On April 18 my father became severely dehydrated and was admitted to a hospital. When I called on the phone, he could barely speak. On April 23 he was transferred to a rehabilitation facility, where physical, speech, and occupational therapists will attempt to revive his health to the point where he can return to the assisted living home.

I had a difficult time this past week thinking of my father. For a couple of nights I slept poorly because while I thought his death might be imminent.

A stroke and painful transitions

I’ve thought about how lonely it must be for my father in the rehab facility. The transitions have been many and brusque: from losing his wife to losing his car and home to losing now the last semblance of a home life, with yet another group of strangers in charge of his care. The rehab nurse told me on April 24 that he had trouble remembering his name and mentioned that his doctors had listed a stroke as a possible diagnosis.

Today my cousin and uncle visited my father and were told again that he had had a stroke. My cousin wrote in an e-mail: “I fed him a cup of ice cream. No way he could have fed himself.”

On the night of the 24th I opened several e-mails from the real estate agent hired to sell his condo so that he has sufficient funds to pay the very expensive monthly fee at the assisted living. In one of the messages, I clicked on a link that took me to a virtual tour of the one-floor condo, where my parents had moved when my mother’s symptoms made it too risky for her to continue in the split-level home where I grew up.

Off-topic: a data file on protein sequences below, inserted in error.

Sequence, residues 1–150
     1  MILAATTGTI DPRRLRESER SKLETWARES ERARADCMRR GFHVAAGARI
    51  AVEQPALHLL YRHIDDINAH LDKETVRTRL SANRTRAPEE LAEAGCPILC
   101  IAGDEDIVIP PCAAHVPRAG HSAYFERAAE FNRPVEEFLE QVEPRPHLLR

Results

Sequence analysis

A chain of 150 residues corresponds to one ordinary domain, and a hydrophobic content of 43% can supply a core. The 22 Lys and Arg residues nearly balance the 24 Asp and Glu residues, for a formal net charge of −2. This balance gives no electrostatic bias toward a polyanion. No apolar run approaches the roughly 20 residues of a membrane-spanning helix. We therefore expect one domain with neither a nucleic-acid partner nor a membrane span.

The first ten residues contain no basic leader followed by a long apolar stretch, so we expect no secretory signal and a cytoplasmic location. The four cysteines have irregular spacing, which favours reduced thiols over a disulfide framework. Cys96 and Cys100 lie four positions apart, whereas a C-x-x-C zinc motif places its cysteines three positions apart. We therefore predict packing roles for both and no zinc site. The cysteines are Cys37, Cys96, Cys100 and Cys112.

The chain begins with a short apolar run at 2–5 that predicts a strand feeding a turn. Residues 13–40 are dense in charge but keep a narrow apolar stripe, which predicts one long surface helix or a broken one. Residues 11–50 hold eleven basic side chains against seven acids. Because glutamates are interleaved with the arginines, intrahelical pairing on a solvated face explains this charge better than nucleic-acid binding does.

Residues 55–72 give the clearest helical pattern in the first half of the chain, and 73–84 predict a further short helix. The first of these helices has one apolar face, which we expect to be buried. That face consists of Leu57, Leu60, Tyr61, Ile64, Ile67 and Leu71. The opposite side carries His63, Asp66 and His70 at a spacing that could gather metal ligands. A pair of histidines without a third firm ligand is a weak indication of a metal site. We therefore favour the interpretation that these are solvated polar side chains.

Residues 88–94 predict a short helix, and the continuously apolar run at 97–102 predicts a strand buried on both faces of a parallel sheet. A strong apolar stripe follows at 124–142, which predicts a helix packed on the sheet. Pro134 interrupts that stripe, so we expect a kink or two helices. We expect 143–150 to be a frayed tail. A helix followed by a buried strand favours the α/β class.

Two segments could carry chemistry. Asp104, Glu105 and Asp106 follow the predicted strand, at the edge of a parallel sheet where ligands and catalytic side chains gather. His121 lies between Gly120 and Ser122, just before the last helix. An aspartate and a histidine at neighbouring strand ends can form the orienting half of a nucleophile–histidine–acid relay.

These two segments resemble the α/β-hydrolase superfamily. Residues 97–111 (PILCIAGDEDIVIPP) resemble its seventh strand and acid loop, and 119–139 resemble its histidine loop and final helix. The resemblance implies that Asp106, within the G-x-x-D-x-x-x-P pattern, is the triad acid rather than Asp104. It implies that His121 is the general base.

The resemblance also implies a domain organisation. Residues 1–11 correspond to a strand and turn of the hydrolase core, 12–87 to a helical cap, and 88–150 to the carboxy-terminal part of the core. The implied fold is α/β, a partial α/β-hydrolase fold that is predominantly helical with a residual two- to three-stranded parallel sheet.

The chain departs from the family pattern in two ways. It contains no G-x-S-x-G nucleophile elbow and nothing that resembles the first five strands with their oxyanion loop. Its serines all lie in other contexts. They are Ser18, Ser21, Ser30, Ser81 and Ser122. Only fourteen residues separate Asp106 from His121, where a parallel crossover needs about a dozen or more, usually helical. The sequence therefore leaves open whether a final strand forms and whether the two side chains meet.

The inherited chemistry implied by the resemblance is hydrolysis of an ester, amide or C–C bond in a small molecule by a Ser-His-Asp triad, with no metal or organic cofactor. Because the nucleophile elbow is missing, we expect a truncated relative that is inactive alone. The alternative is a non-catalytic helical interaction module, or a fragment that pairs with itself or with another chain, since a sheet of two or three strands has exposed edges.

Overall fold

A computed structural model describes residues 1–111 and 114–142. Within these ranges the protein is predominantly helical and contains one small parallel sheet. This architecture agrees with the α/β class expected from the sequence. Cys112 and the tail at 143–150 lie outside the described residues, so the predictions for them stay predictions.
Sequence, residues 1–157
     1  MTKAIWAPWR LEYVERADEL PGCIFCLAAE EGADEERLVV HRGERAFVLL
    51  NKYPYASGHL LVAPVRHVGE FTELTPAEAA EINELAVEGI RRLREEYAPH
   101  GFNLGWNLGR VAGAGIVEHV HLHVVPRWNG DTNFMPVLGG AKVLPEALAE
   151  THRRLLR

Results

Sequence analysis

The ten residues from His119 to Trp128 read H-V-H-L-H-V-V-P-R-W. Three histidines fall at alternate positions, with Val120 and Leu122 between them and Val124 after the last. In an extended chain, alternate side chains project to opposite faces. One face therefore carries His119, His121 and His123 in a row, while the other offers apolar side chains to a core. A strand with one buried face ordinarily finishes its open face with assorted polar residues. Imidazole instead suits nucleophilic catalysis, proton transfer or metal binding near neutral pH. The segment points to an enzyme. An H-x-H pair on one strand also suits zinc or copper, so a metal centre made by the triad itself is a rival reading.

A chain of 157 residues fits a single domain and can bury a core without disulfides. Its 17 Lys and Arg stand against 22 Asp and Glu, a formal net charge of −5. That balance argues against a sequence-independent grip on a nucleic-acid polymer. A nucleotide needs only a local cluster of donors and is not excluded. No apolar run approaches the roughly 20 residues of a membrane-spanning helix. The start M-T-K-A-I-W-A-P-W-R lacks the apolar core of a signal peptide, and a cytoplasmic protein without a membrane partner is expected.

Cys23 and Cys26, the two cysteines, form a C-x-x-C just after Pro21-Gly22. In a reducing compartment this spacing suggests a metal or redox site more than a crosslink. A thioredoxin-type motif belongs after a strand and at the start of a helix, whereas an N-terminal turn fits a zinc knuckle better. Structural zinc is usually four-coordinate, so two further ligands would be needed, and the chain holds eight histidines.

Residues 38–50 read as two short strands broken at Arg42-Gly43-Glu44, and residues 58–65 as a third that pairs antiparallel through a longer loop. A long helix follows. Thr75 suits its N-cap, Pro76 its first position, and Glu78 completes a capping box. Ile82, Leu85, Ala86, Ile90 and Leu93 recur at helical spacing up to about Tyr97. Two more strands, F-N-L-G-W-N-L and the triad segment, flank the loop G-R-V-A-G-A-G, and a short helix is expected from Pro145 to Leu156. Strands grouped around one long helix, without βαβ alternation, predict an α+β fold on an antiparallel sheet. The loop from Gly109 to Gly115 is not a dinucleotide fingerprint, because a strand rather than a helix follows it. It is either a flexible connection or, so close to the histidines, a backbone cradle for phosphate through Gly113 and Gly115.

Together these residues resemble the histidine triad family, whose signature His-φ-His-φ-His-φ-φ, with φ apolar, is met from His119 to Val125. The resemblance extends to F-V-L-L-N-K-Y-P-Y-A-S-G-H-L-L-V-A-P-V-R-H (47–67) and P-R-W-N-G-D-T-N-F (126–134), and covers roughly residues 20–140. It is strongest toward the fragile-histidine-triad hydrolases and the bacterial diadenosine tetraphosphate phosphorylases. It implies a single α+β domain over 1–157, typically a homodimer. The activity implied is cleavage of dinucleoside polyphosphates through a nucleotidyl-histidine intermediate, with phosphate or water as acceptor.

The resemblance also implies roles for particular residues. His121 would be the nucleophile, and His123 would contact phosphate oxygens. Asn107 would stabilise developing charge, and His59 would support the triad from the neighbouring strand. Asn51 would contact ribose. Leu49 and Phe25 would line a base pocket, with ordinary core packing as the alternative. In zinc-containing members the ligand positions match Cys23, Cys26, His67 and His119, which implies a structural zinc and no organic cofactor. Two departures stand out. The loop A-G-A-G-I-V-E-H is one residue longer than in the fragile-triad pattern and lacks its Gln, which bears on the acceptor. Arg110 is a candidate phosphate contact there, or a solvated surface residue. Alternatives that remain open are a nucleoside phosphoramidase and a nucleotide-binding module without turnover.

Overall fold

The video camera zooms in and out as it travels through each room of the condo. I can see the bathroom where they spent so much time together struggling to overcome what HD had done to my mother’s mind and body. I see the bedroom where he slept alone, the kitchen counter where he fed her, the family room where he spent countless hours reading the paper, watching TV, and talking to her as she sat silent and motionless in a chair.

I also see the bed where my mother slept – the bed where HD ravaged her brain. Whenever I visited my dad after my mother’s death, he offered that bed to me. I shuddered at the idea of lying down in the same spot where my mother slowly lost the last of her cognitive abilities. I could not bear to think that I might become like her. I refused to sleep there.

Watching the video was an eerie and completely unexpected experience. Nobody is in the picture, and some of the furniture is gone. Everything is tidy.

The cycle of life continues. The old Huntington’s disease warrior who fought so many battles for his beloved is now laying down his shield.

Sunday, April 19, 2009

Our economic comeback and the cure industry

As the unemployment lines grow and our economic crisis deepens, America’s leadership of the world comes into question. Can a country that literally gambled on its financial future make a comeback?

Bankers, business people, and politicians must honestly correct the mistakes that took us to the brink of financial collapse.

But America also needs to plan for the future in a way that renews our leadership and inspires confidence.

President Barack Obama has spoken frequently of rebuilding the nation’s infrastructure and developing green technologies that make us less dependent on oil and other pollutants. The government has already committed massive sums to these goals.

The president has also identified health care reform as essential for our future. There is huge potential in this area, but in order to realize it, but we need to look at health care in a new way.

From innovation to obesity